Ban­ish the plas­tic and take a nat­u­ral ap­proach to your gar­den

Yorkshire Post - Property - - PROPERTY - Sally Coulthard

GAR­DEN­ERS – we’re a funny lot. We spend hours metic­u­lously plan­ning our gar­dens, hours pour­ing over seed cat­a­logues and plant nurs­eries, all in pur­suit of cre­at­ing our per­fect plot. And, when we’ve fi­nally com­pleted our out­door mas­ter­piece, what do we do? Plonk a ruddy great plas­tic gar­den set right in the mid­dle and com­pletely spoil the look.

Poor de­sign and lack of in­no­va­tion have long been a prob­lem when it comes to “gar­de­na­lia”.

Whether it’s plant pots or pergolas, ta­ble or tealights, there’s been lit­tle to com­mend the breadth of prod­ucts avail­able in most gar­den cen­tres up and down the coun­try.

I’ve never been a huge fan of plas­tic in the gar­den, for ex­am­ple. Plas­tic might be prac­ti­cal but I’ve al­ways felt that nat­u­ral ma­te­ri­als such as ter­ra­cotta, glass and wood sit much more com­fort­ably among plants and trees. And so agrees Jon Hol­loway, founder of Gar­den Trad­ing, one of the biggest Bri­tish de­sign suc­cess sto­ries of the last two decades.

Two decades ago and spurred on by his wife Karen, a keen gar­dener, Jon de­cided to set up a com­pany spe­cial­is­ing in high qual­ity and well-de­signed gar­den prod­ucts.

Nowa­days, we take it for granted that we can buy gor­geous enam­elled wa­ter­ing cans or colour­ful com­post bins, but it’s not al­ways been like that. When the Gar­den Trad­ing Com­pany started in 1994 there was lit­tle com­pe­ti­tion. The mar­ket for nostal­gic, well-made gar­de­na­lia was a rich seam just wait­ing to be mined.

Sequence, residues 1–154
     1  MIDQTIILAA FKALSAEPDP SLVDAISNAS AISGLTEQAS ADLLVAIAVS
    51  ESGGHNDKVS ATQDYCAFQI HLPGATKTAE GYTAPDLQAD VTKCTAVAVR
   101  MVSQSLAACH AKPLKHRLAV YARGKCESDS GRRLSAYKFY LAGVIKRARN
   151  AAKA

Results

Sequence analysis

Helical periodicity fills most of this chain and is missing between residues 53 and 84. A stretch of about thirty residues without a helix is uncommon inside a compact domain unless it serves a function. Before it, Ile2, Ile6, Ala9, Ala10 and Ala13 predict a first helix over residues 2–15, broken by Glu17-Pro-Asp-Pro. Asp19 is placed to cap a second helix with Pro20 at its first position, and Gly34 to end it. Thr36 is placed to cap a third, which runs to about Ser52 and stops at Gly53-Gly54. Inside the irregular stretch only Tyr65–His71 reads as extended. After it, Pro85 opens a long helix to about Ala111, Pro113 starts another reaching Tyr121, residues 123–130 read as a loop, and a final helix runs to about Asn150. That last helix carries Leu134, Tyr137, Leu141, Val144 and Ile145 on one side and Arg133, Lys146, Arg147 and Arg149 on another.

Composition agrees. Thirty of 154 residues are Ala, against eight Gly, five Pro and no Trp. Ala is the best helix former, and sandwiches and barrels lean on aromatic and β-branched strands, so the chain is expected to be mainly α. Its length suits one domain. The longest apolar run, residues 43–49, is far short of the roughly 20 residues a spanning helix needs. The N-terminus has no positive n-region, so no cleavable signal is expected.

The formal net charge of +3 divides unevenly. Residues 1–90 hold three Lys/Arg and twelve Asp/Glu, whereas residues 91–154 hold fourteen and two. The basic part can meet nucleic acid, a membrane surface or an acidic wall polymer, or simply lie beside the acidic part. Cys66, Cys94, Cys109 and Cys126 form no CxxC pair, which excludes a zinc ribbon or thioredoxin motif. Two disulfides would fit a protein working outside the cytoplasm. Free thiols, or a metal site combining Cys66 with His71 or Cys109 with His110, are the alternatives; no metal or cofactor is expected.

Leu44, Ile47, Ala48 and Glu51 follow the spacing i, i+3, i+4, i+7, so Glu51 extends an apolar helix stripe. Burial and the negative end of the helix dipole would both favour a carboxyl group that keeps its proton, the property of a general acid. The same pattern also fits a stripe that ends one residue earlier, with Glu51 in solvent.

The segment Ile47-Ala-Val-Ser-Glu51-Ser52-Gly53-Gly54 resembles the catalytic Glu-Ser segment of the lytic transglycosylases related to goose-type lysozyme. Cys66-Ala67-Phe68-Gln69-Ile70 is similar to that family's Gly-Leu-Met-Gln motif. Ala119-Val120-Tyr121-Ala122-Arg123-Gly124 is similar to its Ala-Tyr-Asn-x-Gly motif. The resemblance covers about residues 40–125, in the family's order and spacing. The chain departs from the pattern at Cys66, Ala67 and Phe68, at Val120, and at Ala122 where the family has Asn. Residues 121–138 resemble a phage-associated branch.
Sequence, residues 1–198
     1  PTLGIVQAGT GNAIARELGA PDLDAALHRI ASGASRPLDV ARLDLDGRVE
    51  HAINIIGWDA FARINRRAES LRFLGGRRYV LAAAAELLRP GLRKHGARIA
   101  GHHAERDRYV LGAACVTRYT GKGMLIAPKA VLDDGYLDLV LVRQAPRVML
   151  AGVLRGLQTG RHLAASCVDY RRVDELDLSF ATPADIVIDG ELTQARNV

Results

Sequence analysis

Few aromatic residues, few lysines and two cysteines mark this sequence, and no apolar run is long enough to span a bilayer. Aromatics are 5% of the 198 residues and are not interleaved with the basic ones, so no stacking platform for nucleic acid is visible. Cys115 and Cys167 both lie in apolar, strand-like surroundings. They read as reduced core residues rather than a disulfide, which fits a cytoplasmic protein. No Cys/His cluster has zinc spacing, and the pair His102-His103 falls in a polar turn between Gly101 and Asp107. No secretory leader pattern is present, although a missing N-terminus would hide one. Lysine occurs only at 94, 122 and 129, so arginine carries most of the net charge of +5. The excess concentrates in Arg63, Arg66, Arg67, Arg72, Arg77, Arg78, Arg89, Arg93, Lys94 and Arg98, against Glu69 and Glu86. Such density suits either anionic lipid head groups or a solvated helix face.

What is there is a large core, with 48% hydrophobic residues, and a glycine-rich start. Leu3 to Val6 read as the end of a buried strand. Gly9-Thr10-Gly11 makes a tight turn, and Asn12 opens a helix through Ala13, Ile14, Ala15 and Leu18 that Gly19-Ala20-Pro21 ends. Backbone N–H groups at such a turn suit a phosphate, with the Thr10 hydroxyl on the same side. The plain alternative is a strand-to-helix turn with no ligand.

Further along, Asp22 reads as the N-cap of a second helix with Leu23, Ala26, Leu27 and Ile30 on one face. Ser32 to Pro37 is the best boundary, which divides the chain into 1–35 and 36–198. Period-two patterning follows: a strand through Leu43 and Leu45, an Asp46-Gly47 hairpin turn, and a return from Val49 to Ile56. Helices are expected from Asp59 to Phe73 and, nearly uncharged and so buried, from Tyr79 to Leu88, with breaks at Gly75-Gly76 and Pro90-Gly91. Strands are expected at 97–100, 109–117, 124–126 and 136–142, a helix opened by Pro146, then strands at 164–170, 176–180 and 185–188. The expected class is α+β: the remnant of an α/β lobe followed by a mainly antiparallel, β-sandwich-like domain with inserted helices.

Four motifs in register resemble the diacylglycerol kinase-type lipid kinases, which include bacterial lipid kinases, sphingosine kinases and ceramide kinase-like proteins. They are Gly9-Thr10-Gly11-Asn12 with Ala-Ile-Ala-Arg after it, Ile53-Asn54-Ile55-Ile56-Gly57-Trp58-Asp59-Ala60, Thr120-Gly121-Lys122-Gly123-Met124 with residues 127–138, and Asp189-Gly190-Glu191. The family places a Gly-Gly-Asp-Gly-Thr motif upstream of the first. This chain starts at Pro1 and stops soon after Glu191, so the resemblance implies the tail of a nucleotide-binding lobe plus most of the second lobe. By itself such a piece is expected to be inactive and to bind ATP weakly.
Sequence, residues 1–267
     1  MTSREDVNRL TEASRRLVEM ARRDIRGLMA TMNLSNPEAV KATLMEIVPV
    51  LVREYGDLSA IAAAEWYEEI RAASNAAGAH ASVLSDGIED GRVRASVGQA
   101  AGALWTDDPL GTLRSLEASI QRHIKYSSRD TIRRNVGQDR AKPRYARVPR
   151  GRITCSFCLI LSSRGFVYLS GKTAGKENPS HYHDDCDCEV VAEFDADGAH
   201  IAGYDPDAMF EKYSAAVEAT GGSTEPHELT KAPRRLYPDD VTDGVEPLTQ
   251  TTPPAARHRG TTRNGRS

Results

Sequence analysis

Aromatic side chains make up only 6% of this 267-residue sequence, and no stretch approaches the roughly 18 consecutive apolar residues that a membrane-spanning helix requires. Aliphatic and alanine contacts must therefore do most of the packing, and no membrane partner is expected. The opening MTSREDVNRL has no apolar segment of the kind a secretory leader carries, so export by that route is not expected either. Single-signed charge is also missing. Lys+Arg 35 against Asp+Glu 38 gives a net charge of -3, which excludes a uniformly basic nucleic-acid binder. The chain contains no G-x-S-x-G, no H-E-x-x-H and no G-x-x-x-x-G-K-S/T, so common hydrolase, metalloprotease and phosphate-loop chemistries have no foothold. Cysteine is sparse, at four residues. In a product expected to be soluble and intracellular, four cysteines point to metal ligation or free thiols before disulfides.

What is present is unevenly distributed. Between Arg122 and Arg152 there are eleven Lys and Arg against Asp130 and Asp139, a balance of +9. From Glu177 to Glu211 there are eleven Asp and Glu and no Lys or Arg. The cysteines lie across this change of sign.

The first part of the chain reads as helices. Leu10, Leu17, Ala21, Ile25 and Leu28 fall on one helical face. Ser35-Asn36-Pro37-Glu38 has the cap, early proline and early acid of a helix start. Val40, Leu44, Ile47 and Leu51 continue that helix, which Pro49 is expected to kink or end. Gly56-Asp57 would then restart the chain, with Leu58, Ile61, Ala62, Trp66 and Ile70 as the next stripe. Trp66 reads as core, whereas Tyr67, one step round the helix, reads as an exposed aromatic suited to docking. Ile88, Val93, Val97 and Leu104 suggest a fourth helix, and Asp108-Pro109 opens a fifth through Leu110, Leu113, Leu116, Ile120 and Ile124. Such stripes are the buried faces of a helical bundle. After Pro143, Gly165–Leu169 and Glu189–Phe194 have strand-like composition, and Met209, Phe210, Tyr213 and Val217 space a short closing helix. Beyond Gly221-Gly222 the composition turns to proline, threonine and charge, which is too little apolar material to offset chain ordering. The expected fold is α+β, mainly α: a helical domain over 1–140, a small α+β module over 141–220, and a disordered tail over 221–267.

“I started Gar­den Trad­ing in a con­verted cow­shed next to a small farm house that I rented’ ex­plains Jon. “I took a stand at the spring trade fair in Birm­ing­ham in 1994 and the for­mula was well re­ceived; within a few months I was sell­ing to some large clients in the US, and Con­ran, Heal’s and John Lewis in the UK.”

At first, Gar­den Trad­ing sold prod­ucts solely for the gar­den –

GAR­DE­NA­LIA: ev­ery­thing from gal­vanised barom­e­ters to wooden ap­ple trays. It soon be­came clear, how­ever, that the bound­ary be­tween out­doors and in­doors didn’t have to be rigid and Jon brought Gar­den Trad­ing in­doors with a col­lec­tion of stylish home­wares.

Cus­tomers went mad for the com­pany’s trade­mark mix of con­tem­po­rary and retro de­signs whether it was out­door lamps or enamel bread­bins. In fact, if you see a wicker trug or a gal­vanised florists’ bucket for sale in the UK there’s a good chance it’s come through their ware­house.

A month rarely goes by when one of Jon’s prod­ucts isn’t men­tioned in a prop­erty sup­ple­ment or in­te­rior de­sign mag­a­zine. And with good rea­son. Gar­den Trad­ing has well and truly led the cam­paign for Bri­tish-de­signed, durable and prac­ti­cal gar­den prod­ucts.

Jill Atkin­son, who sells Gar­den Trad­ing prod­ucts in her Olive Branch stores, says: “Most things you buy have a com­pany’s name splashed all over them – one of the things I love about the things we sell from Gar­den Trad­ing is that they aren’t branded – the prod­ucts are sim­ple, tra­di­tional and al­lowed to speak for them­selves.”

You can find a wide range of Gar­den Trad­ing prod­ucts in the Olive Branch, Main Street, Ad­ding­ham 01943 830123 and Mar­ket Place, Eas­ing­wold 01347 823402.

Com­post­ing bucket £18 from the Gar­den Trad­ing Com­pany.

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